Thursday, May 18, 2006

Out of the Box

I look at my life sometimes and can hardly believe the difference between now and the past. Several years ago as I was filling out my new patient paperwork in my doctor's office, I got to the part that asks you to check the box that matches what you do: student, professional, retired, self-employed, other. As I scanned the list of options it struck me for the first time that I didn't have a box.

We moved to Austin when I was 6 months pregnant with our first son, and since we had decided that I would stay home with him, I hadn't gotten a job in Austin. That marked the first time in my adult life that I hadn't had a job and for the first time ever I didn't fit any of those boxes. For a long time when I was single and early in our marriage, I could check off "professional". I checked "student" for an even longer time before that. At that moment I had something of an identity crisis as I looked at the "other" box that I'd settled on and pondered over what to fill in on the line given. I didn't yet have a child, so I wasn't a mother, and the only thing I could say that I did was "housewife". I always wanted to stay home and raise my children, and am immensely grateful that I have that option, but at that moment I felt like I was stuck between worlds with nowhere to belong. The Critter was born and then things got really busy.

When I started this blog back in July of last year, I had to list hobbies on my profile page. After I stopped laughing, I put down what I always had put down: gardening, cooking, photography, outdoor activities. I then took a closer look at that list and picked it apart: I couldn't remember the last time I'd done anything involving something green that actually grew, and cooking was for necessity. The only photographs I took were of my kids.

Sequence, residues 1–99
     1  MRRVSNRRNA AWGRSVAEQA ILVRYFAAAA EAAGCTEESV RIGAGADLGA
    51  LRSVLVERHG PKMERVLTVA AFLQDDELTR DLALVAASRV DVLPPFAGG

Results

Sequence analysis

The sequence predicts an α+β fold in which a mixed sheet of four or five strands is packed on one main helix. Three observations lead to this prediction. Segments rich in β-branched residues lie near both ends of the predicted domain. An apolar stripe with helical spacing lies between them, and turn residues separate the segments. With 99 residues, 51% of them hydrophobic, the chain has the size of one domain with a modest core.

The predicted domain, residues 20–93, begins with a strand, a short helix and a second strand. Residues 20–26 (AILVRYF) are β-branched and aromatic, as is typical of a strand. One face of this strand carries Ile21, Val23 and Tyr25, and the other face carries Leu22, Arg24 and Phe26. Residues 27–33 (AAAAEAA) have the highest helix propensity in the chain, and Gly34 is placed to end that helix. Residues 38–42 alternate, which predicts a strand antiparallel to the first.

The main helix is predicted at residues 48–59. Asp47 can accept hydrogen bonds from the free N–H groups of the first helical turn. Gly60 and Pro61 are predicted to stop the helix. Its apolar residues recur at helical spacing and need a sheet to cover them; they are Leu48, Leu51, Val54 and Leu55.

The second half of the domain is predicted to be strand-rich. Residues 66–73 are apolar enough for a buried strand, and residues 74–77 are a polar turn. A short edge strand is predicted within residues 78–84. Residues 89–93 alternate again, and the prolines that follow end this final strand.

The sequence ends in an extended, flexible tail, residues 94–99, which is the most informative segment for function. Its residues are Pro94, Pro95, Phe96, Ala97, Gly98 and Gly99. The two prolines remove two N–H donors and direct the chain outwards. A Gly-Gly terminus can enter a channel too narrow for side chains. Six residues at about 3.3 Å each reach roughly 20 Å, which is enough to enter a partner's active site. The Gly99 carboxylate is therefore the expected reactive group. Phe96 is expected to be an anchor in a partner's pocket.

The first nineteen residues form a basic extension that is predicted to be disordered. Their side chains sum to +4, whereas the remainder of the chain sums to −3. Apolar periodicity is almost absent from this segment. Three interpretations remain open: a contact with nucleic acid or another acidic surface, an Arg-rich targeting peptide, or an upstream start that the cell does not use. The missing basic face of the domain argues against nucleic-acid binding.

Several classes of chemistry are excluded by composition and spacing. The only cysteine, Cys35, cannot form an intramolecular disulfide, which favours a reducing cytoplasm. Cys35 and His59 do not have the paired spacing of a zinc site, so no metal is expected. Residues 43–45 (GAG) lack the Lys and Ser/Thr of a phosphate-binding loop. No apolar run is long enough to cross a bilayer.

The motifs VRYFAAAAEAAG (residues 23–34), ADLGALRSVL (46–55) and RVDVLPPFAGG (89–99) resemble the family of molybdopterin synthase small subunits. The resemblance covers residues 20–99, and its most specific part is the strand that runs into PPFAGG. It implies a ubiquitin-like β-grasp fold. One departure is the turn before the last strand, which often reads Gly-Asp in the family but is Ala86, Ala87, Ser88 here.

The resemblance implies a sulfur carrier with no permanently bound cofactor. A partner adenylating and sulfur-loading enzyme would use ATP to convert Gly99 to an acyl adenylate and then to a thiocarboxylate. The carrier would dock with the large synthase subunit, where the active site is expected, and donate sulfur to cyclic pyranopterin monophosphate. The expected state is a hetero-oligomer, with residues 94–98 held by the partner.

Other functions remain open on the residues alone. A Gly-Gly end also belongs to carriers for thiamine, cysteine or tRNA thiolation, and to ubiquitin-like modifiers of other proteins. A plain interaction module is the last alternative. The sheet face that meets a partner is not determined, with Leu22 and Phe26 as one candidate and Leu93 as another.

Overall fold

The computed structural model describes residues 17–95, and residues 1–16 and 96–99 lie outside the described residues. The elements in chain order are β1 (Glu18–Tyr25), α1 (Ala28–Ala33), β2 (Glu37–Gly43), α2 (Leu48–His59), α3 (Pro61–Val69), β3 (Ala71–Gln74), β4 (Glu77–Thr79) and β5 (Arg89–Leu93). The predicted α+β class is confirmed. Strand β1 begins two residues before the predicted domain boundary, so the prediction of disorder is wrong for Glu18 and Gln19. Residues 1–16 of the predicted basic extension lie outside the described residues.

Kristin Armstrong, ex-wife of Tour de France champion Lance Armstrong, recently wrote a piece for Glamour magazine in which she talks about her realization that she had morphed into someone she didn't recognize as a result of throwing herself wholly into her marriage and motherhood. She writes that she felt that she had become someone else, a personality which didn't ring true to the self she had cultivated into young adulthood. She discovered she had sacrificed her own personhood to become Mrs. and Mom. She writes:

Here is the truth as I see it: Marriage has the potential to erode
the very fiber of your identity. If you aren't careful, it can
tempt you to become a "yes woman" for the sake of salvaging
your romantic dream. It can lure you into a pattern of pleasing
that will turn you into someone you'll hardly recognize and
probably won't like. I am warning you because I only wish
someone had warned me.

While I'm certainly no "yes woman", and I'm not romantic in any sense of the word, I do believe that growing up is hard, change of any sort is harder, and living a grown-up life with all that it entails is more difficult than it seemed when I was a teenager. The sheer number of hours and minutes of every day that it takes to complete the tasks of wife, mother, household engineer, chief cook and bottle washer, etc. take more time and way more energy than I ever imagined. And hours just don't grow on trees. The time to do those wholly essential tasks that are joyful on the best days and drudgery on others leaves little room for "the pursuit outside one's regular occupation engaged in especially for relaxation", which is Merriam Webster's definition of hobby. I do not believe I have been untrue to myself or become what Kristin refers to as inauthentic. I do, however, miss the part of my being that engages in hobbies.